Yes, Trump smoked them out and got them begging for mercy, as reported by the major media in all too transparent detail.  Trump ends up with all the leverage he needs over “Her Majesty’s Government” for as long as that leverage is useful.

Well played, Mr. President!

Mark Wauck is a retired FBI agent who blogs on religion, philosophy, and FISA at Meaning in History.

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The Silent Professionals

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Why Are Brennan, Comey, and Rogers Transcripts Being Withheld?

Also see:

Trump declassification order commences total war with the deep state

Alex Wong | Getty Images

Conservative Review, by Jordan Schachtel, September 18, 2018:

After months of keeping his powder dry, President Trump has fired the first shot in his war on the unaccountable, unelected “fourth branch” of government, otherwise known as the deep state. By firing off his declassification and transparency order, the president has set up an imminent showdown with the federal bureaucracy that wants to maintain its grip on the levers of power in Washington D.C.

On Monday evening, President Trump ordered the “immediate declassification” of materials related to the Russia investigation and the Foreign Intelligence Surveillance Act (FISA) applications used to spy on former campaign aide Carter Page. He has also directed the Department of Justice “to publicly release all text messages relating to the Russia investigation, without redaction, of James Comey, Andrew McCabe, Peter Strzok, Lisa Page, and Bruce Ohr.”

Transparency advocates and supporters of the president celebrated the order as an important step in restoring the chief executive’s duly elected mandate, which has been endlessly challenged, threatened, and blocked by Justice Department bureaucrats and special counsel Robert Mueller’s endless Russia investigation. Mueller’s probe, which has yet to uncover a single piece of evidence related to “Trump-Russia collusion,” continues to advance Moscow’s goal of sowing discord in the United States, while undermining the president’s capabilities.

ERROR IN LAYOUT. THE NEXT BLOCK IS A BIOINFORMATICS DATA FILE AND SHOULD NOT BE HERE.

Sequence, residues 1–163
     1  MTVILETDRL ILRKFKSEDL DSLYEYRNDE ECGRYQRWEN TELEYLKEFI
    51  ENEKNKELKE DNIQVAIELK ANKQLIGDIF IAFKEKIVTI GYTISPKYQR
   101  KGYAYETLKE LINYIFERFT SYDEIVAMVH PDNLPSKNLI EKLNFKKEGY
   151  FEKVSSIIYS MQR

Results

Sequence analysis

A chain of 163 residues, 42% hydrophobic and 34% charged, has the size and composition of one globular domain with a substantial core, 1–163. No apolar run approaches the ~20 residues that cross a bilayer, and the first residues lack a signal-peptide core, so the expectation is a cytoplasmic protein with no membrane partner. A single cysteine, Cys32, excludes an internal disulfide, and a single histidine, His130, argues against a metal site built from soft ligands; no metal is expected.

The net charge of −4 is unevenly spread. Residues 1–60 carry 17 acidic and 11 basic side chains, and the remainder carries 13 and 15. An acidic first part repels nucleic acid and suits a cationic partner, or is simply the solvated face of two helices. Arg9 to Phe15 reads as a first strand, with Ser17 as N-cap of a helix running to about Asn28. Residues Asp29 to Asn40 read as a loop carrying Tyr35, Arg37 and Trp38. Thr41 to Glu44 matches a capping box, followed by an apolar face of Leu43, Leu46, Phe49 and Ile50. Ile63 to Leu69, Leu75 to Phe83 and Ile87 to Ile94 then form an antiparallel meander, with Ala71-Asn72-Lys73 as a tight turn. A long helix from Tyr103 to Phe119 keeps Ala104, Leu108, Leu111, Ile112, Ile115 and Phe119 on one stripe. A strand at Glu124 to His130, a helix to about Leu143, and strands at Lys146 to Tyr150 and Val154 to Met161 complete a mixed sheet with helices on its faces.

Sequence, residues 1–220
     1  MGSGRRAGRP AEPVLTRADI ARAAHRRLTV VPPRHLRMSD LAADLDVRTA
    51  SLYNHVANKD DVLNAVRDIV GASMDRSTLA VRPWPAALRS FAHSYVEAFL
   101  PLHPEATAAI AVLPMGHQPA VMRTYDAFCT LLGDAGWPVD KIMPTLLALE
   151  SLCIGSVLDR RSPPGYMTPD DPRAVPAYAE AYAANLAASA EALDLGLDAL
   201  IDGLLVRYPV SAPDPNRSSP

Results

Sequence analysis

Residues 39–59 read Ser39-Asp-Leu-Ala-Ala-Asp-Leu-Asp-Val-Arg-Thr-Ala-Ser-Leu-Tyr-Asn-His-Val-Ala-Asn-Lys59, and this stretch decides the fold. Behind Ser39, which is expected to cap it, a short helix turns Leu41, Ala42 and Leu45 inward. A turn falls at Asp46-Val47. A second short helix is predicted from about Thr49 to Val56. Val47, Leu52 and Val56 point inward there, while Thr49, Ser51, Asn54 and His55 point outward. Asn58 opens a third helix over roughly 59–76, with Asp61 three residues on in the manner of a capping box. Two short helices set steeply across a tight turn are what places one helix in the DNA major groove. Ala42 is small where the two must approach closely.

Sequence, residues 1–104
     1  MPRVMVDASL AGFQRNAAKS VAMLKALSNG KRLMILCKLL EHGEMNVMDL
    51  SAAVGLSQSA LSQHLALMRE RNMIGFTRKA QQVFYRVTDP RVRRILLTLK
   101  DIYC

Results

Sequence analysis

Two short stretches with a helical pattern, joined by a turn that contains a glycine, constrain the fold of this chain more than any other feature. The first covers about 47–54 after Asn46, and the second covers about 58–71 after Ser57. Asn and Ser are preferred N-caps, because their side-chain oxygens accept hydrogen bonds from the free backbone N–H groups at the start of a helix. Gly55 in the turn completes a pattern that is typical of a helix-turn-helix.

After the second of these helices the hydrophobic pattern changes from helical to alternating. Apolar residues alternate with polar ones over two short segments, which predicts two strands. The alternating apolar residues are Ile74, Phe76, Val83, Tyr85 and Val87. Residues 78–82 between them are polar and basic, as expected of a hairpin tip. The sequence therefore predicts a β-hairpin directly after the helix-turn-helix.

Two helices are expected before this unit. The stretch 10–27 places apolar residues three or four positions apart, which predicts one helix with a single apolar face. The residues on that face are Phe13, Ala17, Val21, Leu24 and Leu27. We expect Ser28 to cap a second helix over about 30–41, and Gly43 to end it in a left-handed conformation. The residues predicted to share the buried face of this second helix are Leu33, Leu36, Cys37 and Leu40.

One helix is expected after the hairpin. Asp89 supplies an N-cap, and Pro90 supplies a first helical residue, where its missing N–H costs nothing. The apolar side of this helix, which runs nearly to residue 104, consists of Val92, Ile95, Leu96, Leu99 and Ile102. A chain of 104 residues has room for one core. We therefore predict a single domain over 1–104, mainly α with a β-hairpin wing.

The president’s directive followed months of lobbying from top conservative congressional leaders and some of his most influential supporters. They urged President Trump to declassify the FISA applications and Russia investigation materials, arguing that these radical transparency measures will show the public that the Russia investigation is a farce and that the Department of Justice and the FBI are in desperate need of immediate reform.

Democrats and their media allies go full anti-transparency

Democratic leaders and their allies in the legacy media are pulling out all the stops to convince the public that the president should not be allowed to use his declassification authority. Immediately following the president’s statement, they moved in lockstep, arguing that declassifying information and making it available to the public somehow interferes in active investigations.

But as many have pointed out, declassification is the opposite of interference, and the president, as the leader of the executive branch, has command over decision-making at the Department of Justice. The spin coming from CNN, MSNBC, and Democrat leaders simply does not hold much intellectual weight.

Expect Rosenstein and the deep state to rebel against the order

There are concerns that the FBI and other intelligence agencies will attempt to slow-walk or completely rebel against the order to declassify and unredact the documents and text messages, given their consistent tendencies to rebel against administration orders. In the past, the FBI has used “national security” as an excuse to redact important facts about the Bureau’s conduct during the Russia investigation.